Glitter Cake!!! (As In Glitter In The Cake...mad?)

Decorating By SorchaScrumptious Updated 13 Dec 2011 , 6:47pm by lilbitacake

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SorchaScrumptious Posted 6 Dec 2011 , 1:59pm
post #1 of 8

Hi Everyone,
Forgive me if this sounds silly, I'm an amateur! I'm sending one of my favourite cake mixes to my friend for Christmas and one of the components is my vanilla sugar...which got me thinking about adding colours to the sugar...which got me thinking about adding glittery colours, like shimmer powder, edible glitter or sparkles...does this work at all??
Will it just sink to the bottom of the cake?
Will it just melt away?
Does adding glitter to a cake mix actually make a glittery cake? icon_biggrin.gif
SS xx

7 replies
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LouLou79 Posted 6 Dec 2011 , 3:46pm
post #2 of 8

Hi, i cant help you much but i do know that the edible glitter although called edible and is non-toxic will not harm you if consumed but the actual website ( does say that if using glitter on a cake you should be able to remove the glittered item before consumption as it should only be consumed in very small amounts.
hope this helps.

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kakeladi Posted 6 Dec 2011 , 5:36pm
post #3 of 8

1) it will not show when baked in a cake.
2) as other poster said, disco dust is really not edible - especially in the amounts needed to be baked in a cake.
3) Disco dust is finely ground plastic icon_sad.gif
4) the amount one would need to add to change a color in a cake would make it taste really bad icon_sad.gif

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DeniseNH Posted 6 Dec 2011 , 10:12pm
post #4 of 8

The batter will surround each glitter flake and create a fog over it - thereby removing any possibility of a "shine".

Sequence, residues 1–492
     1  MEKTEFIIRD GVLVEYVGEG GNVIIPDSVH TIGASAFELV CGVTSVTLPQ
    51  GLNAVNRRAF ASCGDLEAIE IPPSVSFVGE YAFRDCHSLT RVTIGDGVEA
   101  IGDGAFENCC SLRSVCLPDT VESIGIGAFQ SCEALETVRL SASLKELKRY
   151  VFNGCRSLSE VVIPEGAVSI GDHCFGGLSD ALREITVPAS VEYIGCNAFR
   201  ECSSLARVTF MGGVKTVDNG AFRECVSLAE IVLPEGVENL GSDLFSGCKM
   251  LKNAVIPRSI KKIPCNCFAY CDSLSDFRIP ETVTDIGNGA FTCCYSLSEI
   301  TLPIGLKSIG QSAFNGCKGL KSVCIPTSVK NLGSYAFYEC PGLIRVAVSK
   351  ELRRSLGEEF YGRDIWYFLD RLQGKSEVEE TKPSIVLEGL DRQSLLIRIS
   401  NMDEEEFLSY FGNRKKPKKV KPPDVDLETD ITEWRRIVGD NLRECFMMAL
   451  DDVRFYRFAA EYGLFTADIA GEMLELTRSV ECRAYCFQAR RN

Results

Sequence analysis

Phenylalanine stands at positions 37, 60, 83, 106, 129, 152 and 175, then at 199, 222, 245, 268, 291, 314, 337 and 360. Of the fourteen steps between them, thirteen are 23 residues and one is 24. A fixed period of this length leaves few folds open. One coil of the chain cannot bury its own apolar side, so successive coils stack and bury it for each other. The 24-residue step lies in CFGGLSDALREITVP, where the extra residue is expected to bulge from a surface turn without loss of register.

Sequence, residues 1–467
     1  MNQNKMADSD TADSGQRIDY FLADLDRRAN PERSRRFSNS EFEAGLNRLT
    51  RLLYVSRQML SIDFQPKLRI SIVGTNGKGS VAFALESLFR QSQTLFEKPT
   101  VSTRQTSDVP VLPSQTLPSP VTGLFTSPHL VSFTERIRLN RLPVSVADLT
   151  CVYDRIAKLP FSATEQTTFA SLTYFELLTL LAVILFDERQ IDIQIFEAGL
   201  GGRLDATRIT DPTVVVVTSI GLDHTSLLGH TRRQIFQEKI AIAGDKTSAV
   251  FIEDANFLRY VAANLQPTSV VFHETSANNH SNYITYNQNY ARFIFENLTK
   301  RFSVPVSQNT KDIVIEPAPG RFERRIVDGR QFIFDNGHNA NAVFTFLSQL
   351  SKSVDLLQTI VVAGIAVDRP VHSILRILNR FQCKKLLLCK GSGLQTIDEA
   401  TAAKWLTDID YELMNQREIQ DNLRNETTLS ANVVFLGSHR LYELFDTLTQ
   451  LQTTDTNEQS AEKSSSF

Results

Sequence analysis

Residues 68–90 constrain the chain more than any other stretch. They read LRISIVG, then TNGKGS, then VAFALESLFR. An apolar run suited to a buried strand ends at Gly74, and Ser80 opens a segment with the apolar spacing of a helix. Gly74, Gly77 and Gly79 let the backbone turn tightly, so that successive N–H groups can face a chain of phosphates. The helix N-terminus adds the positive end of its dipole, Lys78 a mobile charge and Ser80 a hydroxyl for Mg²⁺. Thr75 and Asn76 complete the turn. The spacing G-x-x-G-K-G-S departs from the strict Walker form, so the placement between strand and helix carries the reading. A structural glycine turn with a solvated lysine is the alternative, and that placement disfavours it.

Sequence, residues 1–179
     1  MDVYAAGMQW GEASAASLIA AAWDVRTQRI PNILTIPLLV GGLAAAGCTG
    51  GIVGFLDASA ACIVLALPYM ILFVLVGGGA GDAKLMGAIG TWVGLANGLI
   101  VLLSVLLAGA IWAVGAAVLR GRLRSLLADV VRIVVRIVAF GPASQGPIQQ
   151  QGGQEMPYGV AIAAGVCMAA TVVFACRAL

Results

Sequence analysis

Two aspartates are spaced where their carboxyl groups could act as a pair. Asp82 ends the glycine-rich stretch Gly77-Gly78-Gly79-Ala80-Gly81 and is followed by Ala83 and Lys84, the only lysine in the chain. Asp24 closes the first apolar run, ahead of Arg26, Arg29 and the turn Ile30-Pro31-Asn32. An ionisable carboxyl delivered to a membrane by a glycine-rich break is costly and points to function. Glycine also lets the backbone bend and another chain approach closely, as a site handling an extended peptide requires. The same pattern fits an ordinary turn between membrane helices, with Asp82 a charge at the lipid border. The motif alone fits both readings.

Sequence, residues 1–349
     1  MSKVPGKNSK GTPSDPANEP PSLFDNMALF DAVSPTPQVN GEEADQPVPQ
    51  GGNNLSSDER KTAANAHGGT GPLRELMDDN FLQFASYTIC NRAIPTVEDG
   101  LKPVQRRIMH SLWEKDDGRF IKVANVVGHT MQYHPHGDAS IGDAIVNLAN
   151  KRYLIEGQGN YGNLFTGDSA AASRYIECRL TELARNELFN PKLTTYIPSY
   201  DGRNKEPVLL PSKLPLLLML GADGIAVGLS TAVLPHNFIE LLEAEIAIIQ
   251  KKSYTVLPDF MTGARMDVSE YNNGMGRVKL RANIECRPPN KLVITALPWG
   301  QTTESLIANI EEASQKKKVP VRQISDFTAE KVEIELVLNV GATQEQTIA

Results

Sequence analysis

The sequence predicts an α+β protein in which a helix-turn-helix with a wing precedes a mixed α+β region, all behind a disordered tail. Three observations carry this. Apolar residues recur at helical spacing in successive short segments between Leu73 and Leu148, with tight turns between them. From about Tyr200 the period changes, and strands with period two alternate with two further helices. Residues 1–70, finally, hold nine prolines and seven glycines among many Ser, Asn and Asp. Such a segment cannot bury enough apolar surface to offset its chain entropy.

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BlakesCakes Posted 6 Dec 2011 , 10:22pm
post #5 of 8

No, no real way to get sparkly baked cake.

Edible glitter melts in moisture and luster dust--the EDIBLE Crystal colors luster dust, or any other type, for that matter--just mixes in with the batter.

And of course, NO ONE would want disco dust in their cake, as it's fine grain PLASTIC (and some colors contain traces of metals)---YUCK!


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SorchaScrumptious Posted 13 Dec 2011 , 5:02pm
post #6 of 8

Thanks for the replies everyone! I did think it was a bit of a long shot seeing as I've never seen a glittery cake myself, but always wanted to know the answer to that! Hopefully someday some bright scientist will come up with a way to make it possible icon_smile.gif
Oh and totally did not know that disco dust is ground plastic! I'm glad now that I use it sparingly but really interesting (and a bit shocking) to learn that!

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Debbye27 Posted 13 Dec 2011 , 6:07pm
post #7 of 8

Sometimes I add colors to my vanilla batter- either a rainbow effect, or colors to match the outside. It takes longer, but people are always surprised when they cut it open! If you don't want to do true rainbow- you can do a bright swirl - it's not glitter- but it's still a cool effect!

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lilbitacake Posted 13 Dec 2011 , 6:47pm
post #8 of 8

I done a swirl cake and instead of addding icing color to it, I used kool-aid to color the battered with and it gave it a glitter looked and flavor to it also.

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